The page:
Bright Supernova Erupts in NGC 5643 in Lupus

A recently discovered supernova in Lupus now shines around magnitude +11.5, bright enough to see in a modest telescope. With photos and maps, we'll get you there.

Bright Supernova Beckons

Supernova 2017cbv in the +10.7 magnitude southern galaxy NGC 5643 has bolted to magnitude +11.5 in recent days, making it a fine amateur target.
Joseph Brimacombe

I wished I lived in Georgia and not just for the peach trees and warmer weather. No, I'd be able to get up early tomorrow morning to marvel at a new, bright supernova too far south to see from my home in northern Minnesota.

Supernova 2017cbv in the spiral galaxy NGC 5643 was discovered by a team of astronomers on March 10 during the D<40 Mpc (DLT40) supernova search. NGC 5643 lies 55 million light years from Earth and sits in the far western corner of the constellation Lupus. At discovery, the stellar explosion was only magnitude +15, but in recent days it's brightened to magnitude +11.5 and is now within easy reach of a 6-inch telescope.

Spectra indicate this so-far brightest supernova of the year is a Type Ia, the aftermath of the explosion of a white dwarf star in a doomed relationship with a close companion sun. After millennia of siphoning material from the companion to its surface, the dwarf exceeded the Chandrasekhar Limit of 1.4 solar masses and underwent uncontrolled gravitational collapse. Dire consequences followed as a runaway fusion reaction from the crushing heat and pressure raced through the star, destroying it in one titanic blast.

Out With a Bang

This illustration shows the stages of a Type Ia supernova explosion like that which occurred in 2017cbv. From left: a white dwarf accretes matter from a close companion until it reaches a super-critical state when it exceeds 1.4 solar masses; a thermonuclear explosion ensues, leaving an expanding cloud of debris.
Credit: NASA / CXC / M. Weiss

Now you can see the magnificent explosion with your own eyes simply by setting your alarm clock to 2:30 in the morning, pointing your telescope to NGC 5643 and using the maps and photos to pinpoint the supernova. You can also check for updated photos and magnitude estimates at two of my favorite sites: Dave Bishop's Bright Supernovae and the AAVSO (Just type in SN 2017cbv in the Pick a Star box).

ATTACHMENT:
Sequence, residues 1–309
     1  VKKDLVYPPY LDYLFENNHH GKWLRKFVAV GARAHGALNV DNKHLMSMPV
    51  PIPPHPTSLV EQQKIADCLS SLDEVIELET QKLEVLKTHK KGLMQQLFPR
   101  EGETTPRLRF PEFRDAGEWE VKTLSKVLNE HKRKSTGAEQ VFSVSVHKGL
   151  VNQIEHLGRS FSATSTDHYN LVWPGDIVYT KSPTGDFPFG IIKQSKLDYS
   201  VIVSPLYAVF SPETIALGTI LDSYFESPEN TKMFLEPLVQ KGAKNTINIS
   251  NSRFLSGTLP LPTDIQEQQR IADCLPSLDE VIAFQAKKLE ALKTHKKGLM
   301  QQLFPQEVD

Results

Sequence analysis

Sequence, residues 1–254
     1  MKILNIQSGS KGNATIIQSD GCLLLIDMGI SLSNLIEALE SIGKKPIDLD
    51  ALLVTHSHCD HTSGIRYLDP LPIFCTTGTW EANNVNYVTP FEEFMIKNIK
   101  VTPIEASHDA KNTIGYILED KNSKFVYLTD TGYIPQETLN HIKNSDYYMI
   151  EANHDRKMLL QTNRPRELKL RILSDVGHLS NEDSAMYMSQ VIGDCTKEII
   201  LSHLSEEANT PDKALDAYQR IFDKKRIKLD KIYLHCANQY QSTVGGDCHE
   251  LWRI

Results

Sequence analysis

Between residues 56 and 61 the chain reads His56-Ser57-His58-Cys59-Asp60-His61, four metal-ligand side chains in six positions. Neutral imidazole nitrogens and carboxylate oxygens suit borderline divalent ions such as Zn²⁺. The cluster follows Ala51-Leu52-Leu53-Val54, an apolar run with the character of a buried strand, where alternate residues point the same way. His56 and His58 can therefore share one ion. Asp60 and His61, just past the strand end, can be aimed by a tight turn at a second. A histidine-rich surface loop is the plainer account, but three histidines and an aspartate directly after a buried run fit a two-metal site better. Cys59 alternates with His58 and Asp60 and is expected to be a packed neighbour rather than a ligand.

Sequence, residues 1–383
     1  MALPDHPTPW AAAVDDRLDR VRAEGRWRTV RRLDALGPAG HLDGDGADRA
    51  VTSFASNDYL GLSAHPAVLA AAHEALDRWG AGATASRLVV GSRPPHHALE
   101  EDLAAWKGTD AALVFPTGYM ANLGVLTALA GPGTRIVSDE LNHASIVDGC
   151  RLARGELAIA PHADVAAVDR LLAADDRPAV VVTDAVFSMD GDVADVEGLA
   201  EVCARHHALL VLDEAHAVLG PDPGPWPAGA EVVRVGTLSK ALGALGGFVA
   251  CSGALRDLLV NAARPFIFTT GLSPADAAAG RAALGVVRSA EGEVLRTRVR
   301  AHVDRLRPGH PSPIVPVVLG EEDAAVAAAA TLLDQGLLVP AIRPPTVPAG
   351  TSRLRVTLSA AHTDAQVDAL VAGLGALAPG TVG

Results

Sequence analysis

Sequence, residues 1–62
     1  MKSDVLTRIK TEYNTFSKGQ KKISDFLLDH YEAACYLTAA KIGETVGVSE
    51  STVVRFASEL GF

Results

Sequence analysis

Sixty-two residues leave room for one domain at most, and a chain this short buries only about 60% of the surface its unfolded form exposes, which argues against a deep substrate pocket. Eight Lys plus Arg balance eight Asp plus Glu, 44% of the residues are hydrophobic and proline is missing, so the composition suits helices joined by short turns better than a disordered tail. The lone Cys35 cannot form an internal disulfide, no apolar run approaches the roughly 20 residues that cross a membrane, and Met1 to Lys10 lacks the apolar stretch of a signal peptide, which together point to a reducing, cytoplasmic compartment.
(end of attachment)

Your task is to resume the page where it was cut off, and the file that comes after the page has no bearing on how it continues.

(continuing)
Supernova Star Hop

Use this map to star hop from Eta Centauri to the galaxy NGC 5643. Once there, the photo below will help guide you directly to SN 2017cbv.
Created with Stellarium

About the only thing required besides a telescope to see the new object is living in a southern clime. NGC 5643 lies at declination –44°08′. Assuming a minimum altitude of 10° to find the galaxy and track down the star, observers located at 36° north latitude and south should be able to see it. This includes the southern and southwestern states Alabama, Georgia, Florida, Texas, Arizona and southern California. If you're unsure of your latitude, click here to find it.

Tiptoe to a "New Star"

This photo of NGC 5643 and SN 2017cbv was taken on March 22, when the supernova shone at ~11.5 magnitude. Use the two similarly bright stars (at top) just north of the galaxy to complete a flattened triangle with the supernova. The object is currently around peak brightness. North is up.
Guillermo Abramson

To find SN 2017cbv, your observing site should have wide open view of the southern sky. NGC 5643 transits the meridian in Lupus around 3 a.m. local time, so plan your observing session a little before that. The galaxy is located 2° SSW of second magnitude Eta Centauri, and the supernova is found at R.A. 14h 32′ 34″, declination –44°08′ 68″ east and 145″ north of the galaxy's nucleus.

Alternative Guide

Another option for finding SN 2017cbv is to use this AAVSO chart. Magnitudes of stars near the galaxy will help you track the supernova as it fades. Click for a large version.
AAVSO

Once you've brought the galaxy into the field of view, use the photographs and a magnification of around 100x to star-step your way from the center of the galaxy northeast to the supernova. I think you'll find the two 11th magnitude stars very helpful in nailing it.

SN 2017cbv isn't the first white dwarf to flame out in NGC 5643. SN 2013aa, another Type Ia, blew its top in early 2013 and peaked at magnitude +11.3 in February that year.

While some of us will never get to see the "new star" because of where we live, I know that a few of you will. Let us know what you see!

17 thoughts on “Bright Supernova Erupts in NGC 5643 in Lupus

  1. david_fogel_nsi@yahoo.comdavid_fogel_nsi@yahoo.com

    Hi Bob,